In a nutshell, the algebraic limit theorem and order limit theorem are very similar in that they both describe limits for bounded convergent sequences. While the algebraic theorem uses +, –, *, and ÷, the order theorem uses ≤ and ≥.
The algebraic limit theorem shows us that sequences behave in an orderly fashion when subjected to mathematical operations.
Formally stated, the algebraic limit theorem is :
If a = lim an and b = lim bn, then
- lim(can) = ca for all c ∈ ℝ,
- lim(an + bn) = a + b,
- lim(anbn) = ab,
- lim(an/bn) = a/b provided b ≠ 0.
Each of these statements has their own proof. For example, the proof for the first statement is as follows:
Proof : Assuming that c ≠ 0, the goal is to show the sequence converges to c · a.
- Let ε = an arbitrary positive number. We want to find the point in the sequence where |can – ca| < ε.
- |can – ca| = |c| |an – a|
- Choose an N so that:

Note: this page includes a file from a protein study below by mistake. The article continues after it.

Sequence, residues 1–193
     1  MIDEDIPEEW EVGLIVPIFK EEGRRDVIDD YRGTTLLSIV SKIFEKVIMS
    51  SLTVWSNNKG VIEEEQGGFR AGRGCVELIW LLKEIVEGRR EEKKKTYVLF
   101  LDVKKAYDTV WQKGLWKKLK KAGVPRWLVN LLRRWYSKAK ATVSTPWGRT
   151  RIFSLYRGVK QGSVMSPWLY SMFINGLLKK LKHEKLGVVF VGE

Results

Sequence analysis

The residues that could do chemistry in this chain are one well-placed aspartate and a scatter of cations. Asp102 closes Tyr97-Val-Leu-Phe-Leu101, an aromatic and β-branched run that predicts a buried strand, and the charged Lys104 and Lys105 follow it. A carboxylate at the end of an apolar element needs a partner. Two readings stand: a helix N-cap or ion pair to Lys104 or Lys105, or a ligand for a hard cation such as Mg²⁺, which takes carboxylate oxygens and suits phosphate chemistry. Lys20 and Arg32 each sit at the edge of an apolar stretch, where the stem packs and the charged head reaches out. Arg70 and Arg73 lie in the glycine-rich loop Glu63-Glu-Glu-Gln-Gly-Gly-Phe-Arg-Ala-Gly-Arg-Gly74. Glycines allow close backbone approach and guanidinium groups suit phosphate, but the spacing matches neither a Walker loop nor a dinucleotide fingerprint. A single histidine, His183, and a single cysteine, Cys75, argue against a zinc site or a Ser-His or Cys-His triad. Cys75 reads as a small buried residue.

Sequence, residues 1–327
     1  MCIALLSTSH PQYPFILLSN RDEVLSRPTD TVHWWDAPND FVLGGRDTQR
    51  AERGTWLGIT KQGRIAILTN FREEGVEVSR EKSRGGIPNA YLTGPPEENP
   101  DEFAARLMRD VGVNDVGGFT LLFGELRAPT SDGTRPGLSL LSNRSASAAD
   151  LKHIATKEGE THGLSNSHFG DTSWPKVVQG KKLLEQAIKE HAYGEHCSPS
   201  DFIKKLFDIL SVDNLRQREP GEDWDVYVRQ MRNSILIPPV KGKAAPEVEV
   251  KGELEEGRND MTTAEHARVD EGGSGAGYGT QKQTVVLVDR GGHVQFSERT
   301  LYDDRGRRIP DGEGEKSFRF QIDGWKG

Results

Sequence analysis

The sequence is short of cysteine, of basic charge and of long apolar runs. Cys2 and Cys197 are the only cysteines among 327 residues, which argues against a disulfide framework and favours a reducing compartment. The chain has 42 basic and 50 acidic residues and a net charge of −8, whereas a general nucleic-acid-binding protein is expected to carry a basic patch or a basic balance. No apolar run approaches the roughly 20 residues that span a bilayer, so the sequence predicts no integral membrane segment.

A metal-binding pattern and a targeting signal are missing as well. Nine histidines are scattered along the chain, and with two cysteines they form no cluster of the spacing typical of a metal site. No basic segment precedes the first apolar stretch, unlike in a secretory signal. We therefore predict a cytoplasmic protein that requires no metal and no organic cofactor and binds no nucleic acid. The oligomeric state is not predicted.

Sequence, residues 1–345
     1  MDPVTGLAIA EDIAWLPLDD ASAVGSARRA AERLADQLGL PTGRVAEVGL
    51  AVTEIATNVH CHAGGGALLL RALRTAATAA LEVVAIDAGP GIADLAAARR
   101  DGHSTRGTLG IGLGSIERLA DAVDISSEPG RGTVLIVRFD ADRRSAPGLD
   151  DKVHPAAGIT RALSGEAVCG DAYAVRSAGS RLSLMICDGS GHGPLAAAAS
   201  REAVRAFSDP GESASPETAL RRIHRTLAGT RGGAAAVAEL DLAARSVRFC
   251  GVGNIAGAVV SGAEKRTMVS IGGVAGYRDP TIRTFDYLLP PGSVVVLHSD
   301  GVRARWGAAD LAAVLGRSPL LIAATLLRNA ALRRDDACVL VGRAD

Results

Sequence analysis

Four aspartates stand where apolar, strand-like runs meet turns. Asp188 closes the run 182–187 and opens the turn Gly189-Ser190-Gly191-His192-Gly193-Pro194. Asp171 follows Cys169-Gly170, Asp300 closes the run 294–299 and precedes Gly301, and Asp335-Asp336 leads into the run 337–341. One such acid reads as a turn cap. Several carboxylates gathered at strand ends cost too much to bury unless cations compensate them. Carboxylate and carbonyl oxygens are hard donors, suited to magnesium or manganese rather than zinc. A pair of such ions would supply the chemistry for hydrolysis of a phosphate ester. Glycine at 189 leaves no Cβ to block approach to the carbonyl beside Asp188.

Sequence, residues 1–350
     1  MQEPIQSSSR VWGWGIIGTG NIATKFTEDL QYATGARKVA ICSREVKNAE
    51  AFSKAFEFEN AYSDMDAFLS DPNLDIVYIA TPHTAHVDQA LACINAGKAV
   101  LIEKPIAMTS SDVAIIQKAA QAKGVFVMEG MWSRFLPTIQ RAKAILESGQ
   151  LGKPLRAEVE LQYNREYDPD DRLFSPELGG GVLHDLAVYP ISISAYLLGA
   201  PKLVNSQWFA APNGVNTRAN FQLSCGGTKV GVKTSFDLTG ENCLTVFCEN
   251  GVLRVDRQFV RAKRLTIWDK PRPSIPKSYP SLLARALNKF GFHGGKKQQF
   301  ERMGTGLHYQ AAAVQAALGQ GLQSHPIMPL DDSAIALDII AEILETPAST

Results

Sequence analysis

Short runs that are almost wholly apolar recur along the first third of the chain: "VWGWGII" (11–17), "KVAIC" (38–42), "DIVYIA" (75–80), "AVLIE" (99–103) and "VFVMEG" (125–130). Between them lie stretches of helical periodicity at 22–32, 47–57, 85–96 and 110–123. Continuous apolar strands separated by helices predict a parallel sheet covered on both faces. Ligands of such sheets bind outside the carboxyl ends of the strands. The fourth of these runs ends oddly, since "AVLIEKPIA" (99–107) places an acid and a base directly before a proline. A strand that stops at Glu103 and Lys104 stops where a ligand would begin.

This is true whenever n ≥ N. Here, we’re making N very, very small.
- Show that N works. For all n ≥ N:
Algebraic Limit Theorem Example: A Worked Proof 
Example question: Show that If (xn) → 2, then ((2xn – 1)/3) → 1.
- Start with the given information: Xn → 2.
- Rewrite as a pair of fractions:
- Substitute the values into the algebraic limit theorem, which tells us that can → ca. This results (with a little numerical manipulation) in:
- We know by the Algebraic Limit Theorem that an + bn → a + b., so:
Alternative Definition for Functions
- lim (f(x) + g(x)) = lim f(x) + lim g(x)
- lim (f(x) – g(x)) = lim f(x) – lim g(x)
- lim (f(x) · g(x)) = lim f(x) · lim g(x)
- lim (f(x) / g(x)) = lim f(x) / lim g(x)
The indeterminate limits (on the left) may exist even when the limits on the right do not. If any of the theorems don’t give you a limit, try an alternate method like the sandwich theorem or L’Hospital’s rule.
Suppose a = lim an and b = lim bn. The order limit theorem states that :
- If an ≥ 0 for all n ∈ ℕ, then a ≥ 0.
- If an ≤ bn for all n ∈ ℕ, then a ≤ b.
- Assuming there is a c ∈ ℝ:
- If c ≤ bn for all n ∈ ℕ, then c ≤ b.
- If an ≤ c for all n ∈ ℕ, then a ≤ c.
 Bakker, L. Math 341 Lecture #8. §2.3: The Algebraic and Order Limit Theorems. Retrieved August 19, 2021 from: https://math.byu.edu/~bakker/M341/Lectures/Lec08.pdf
 Chapter 2: Sequence and Series. Retrieved August 19, 2021 from: http://econdse.org/wp-content/uploads/2018/08/sequence-reading.pdf
 Lytle, B. Introduction to the convergence of sequences. Retrieved August 19, 2021 from: https://math.uchicago.edu/~may/REU2015/REUPapers/Lytle.pdf